As police advanced again, people began chanting Alex Nieto’s name.  “Mike Brown! Oscar Grant,” screamed a young Latino man no older than 18, and soon the crowd picked up the chant. Over the next hour, police and rioters played a repeated game of taking intersections, starting fires, and then throwing bottles at police when they arrived. By around 1:00 am, the streets had been cleared and police began sweeps of the area on motorcycles and on foot. 


    In a repeat of two years ago, the media brushed aside the vengeful aspect of the riot, portraying it simply as fans getting out of control with their fun. Blogs like The Bold Italic shamed the working-class and especially Latino residents (who have always been pushed away from engaging in militant struggle) for participating in the riot, claiming that “The Giants Won and the Mission Lost.” Few addressed the fact that police, condos, and other symbols of gentrification were attacked throughout the city. In the past, media outlets demonized anarchists that attacked police substations after police shootings, or vandalized businesses associated with gentrification. But this time around, the finger-pointing and blame-game of who is behind the anti-police and anti-gentrification violence was absent. It seems that nobody wants to admit the scale of the disorder.

    In a further effort to downplay the political nature of the events, the mainstream press was quick to highlight the occasional fights that broke out amongst the rioters, as well as two shootings that occurred that night (one by a stray bullet in the Mission and other seemingly unconnected to the riot). But what I witnessed was a bizarre mix of communal togetherness, targeted political anger, and nihilistic rage. I watched one rioter tell another person driving their car in the middle of the mob that their lights were off. Other people threw empty bottles into the air only to watch them crash into the street, nearly hitting fellow rioters. Overall, the crowd seemed together, people shared alcohol and smokes, watched out for each other, and moved together when the police advanced. Fights broke out mainly when people dragging garbage cans and dumpsters into the streets to form barricades clashed with people who tried to stop them from lighting fires.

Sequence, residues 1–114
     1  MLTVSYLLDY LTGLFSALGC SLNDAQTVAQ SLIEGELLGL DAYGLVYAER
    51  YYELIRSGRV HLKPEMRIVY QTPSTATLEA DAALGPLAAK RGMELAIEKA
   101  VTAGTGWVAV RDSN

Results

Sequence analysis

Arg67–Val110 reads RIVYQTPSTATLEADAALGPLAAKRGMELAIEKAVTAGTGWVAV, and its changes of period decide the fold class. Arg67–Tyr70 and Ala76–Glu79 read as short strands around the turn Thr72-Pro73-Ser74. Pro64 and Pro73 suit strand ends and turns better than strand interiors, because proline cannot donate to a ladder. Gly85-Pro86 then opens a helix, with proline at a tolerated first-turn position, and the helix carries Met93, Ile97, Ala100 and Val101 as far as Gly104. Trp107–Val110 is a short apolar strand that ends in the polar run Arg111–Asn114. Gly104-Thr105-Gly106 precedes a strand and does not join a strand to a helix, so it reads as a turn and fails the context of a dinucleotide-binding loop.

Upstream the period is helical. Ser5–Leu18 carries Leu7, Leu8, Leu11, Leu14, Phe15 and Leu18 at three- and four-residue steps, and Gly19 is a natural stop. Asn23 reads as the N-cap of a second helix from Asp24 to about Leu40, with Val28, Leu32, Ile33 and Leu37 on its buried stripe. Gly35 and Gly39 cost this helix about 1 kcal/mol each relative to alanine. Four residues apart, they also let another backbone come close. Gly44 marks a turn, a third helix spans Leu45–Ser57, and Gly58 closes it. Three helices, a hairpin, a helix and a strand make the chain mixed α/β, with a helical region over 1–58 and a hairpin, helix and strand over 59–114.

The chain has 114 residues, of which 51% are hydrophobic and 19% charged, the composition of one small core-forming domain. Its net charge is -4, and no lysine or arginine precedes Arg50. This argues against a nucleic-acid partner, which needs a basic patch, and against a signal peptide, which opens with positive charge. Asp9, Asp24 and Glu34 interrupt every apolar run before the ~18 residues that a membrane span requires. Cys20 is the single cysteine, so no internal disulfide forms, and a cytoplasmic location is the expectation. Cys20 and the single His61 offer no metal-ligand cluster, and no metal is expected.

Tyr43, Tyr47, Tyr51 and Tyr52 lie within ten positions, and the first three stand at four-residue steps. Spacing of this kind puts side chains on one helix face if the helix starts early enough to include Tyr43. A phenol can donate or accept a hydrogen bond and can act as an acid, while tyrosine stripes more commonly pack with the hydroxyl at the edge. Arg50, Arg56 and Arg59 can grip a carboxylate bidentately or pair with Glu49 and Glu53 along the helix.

What happened Wednesday night blurred the lines of sports and political riot. Several friends expressed how much the streets felt like being at a militant demonstration in Europe. The police stayed back and only went towards the mob when they were sure that they could move people away from the burning trash barricades. When they did reach the crowd, people  reacted by attacking the police. While several people pointed out that the large amount of white people and college students in the crowd probably deterred the police from being heavy handed – the size and intensity meant that if police came down heavily on the crowd they risked entire  blocks exploding even more.
     
    In the past several years, San Francisco has seen one of the heaviest waves of gentrification in the U.S. Thousands of people have been pushed out of the city as average rents rose by the thousands. Formerly working-class neighborhoods have changed almost overnight as tech capital washes the city and changes it to meet its needs. During this period, the police have come down hard on political demonstrations, raided squats at gunpoint, and savagely beaten and killed young men of color in the Mission District. The chants of demonstrators this January rings true, “Cops and condos go hand in hand!” What happened in San Francisco on Wednesday night wasn’t just a riot – it was revenge.